Tuesday, February 10, 2009

Bottleshock. It's not "Sideways" but then again, it's not supposed to be.

Sideways was a great movie but it did something to my life that I will never be able to forgive. Wine enthusiasts will read this, grin, and nod their heads. Pre-Sideways, I found a great Pinot Noir and Chardonnay producer in Santa Barbara. Now, this winery was not small by any means but it wasn't a household name either. Back then, I could walk into Safeway and purchase a bottle of Sanford Pinot for just over $15. Wine enthusiasts, you may now grin and nod your heads. Fortunately for Sanford and unfortunately for its long time customers, Sanford was featured in Sideways. Anyone want to speak up and comment the price of a bottle of Sanford Pinot today?

Whoa, usually I digress in the middle of my posts but this time I did it in the lead. Sorry bout that one. Anyway, on to Bottleshock. While wine has been mass produced in California for well over a century, it wasn't until just over 30 years ago that Napa and Sonoma wines truly gained world wide notoriety. Though a love story was added to the story, Bottleshock is based on actual people and actual events that took place in 1976. Centered on Bo and Jim Barrett, the owners of Chateau Montelena, Bottleshock tells the story of how a California chardonnay took first prize in a blind tasting that has now come to be known as the, "Judgment of Paris." Until the 76 tasting, France was undisputedly known as the greatest wine growing region in the world. France's soil (terroir), growing conditions, and expertise were unrivaled until Steven Spurrier decided to feature California wines in a blind tasting that he had organized. But he did not do this out of his desire to see California wines win at his tasting. He came to California in efforts to prove to himself that France was the only region in the world capable of growing gold medal wines. He would soon discover that he was wrong and that he had been missing out on a host of world class wines from.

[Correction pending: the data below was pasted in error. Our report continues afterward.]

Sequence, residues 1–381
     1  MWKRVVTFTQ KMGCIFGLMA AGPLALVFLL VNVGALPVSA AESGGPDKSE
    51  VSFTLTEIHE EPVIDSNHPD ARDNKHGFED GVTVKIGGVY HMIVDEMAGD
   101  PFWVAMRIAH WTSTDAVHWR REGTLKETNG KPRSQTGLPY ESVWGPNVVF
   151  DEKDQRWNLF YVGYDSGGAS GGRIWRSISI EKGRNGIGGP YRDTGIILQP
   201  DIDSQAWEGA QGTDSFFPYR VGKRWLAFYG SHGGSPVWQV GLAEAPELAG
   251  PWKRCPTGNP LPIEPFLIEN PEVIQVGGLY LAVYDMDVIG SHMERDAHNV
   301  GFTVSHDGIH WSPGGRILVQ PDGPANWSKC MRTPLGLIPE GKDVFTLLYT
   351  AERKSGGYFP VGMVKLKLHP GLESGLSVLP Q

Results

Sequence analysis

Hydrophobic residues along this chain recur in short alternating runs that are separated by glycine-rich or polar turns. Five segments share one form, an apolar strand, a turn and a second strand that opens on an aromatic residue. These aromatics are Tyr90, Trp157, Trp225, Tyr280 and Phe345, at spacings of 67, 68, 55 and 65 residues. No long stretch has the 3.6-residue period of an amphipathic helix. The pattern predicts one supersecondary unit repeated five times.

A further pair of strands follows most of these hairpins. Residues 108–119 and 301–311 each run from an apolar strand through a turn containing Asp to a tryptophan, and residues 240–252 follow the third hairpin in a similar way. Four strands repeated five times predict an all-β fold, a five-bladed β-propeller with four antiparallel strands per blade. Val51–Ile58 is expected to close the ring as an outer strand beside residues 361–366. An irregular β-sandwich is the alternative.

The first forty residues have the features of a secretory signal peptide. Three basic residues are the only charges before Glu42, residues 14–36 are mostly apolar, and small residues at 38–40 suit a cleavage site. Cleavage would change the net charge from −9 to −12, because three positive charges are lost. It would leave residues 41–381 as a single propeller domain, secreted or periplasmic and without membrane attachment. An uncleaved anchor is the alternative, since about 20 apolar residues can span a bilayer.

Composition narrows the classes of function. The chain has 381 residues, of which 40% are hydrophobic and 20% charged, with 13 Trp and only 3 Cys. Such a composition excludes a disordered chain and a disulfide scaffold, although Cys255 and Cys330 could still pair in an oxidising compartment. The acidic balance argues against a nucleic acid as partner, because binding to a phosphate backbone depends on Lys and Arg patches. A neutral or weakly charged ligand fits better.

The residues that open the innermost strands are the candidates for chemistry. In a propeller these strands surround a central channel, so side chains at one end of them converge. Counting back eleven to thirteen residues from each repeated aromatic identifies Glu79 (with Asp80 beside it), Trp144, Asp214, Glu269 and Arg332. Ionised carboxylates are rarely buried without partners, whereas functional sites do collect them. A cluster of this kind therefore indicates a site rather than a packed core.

The opening shot of Bottleshock made me grin. The movie opens on a wide angle helicopter shot of the Napa Valley. We sail over its lush rolling hills flying through a countless number of micro-climates that have now become known as some of the world's best Appellations (Stag's Leap, Rutherford, Oakville, etc). Watching Bottleshock made me further appreciate being a Northern California native. Something that we Bay Area natives seldom think about is how lucky we are to live here. Northern California is one of the best places to live in the world. We are no more than a car ride from any climate that we desire. If we want to ski or hit the craps tables, we simply drive three hours east. If we want to surf or bask in warm sunlight on some of the best beaches in North America, we drive five hours south. If we want to drink some of the world's finest wines, we drive forty minutes north east to Napa or Sonoma.

Bottleshock is a movie that wine enthusiasts will be able to watch over and over. So if you find yourself wanting to stay in and watch a movie for the night, rent Bottleshock, open a nice bottle of wine, and curl up on the couch. It'll make you appreciate the world famous valley that's practically in your backyard and it'll make every sip of your wine that much better.



Blogger JBW said...

I'll check it out on your recommendation amigo, but I'm still not drinking fucking Merlot (grinning and nodding).

7:03 PM  
Blogger eric said...

JBW good to hear from you! Hope everything is well!

12:57 AM  

Post a Comment

<< Home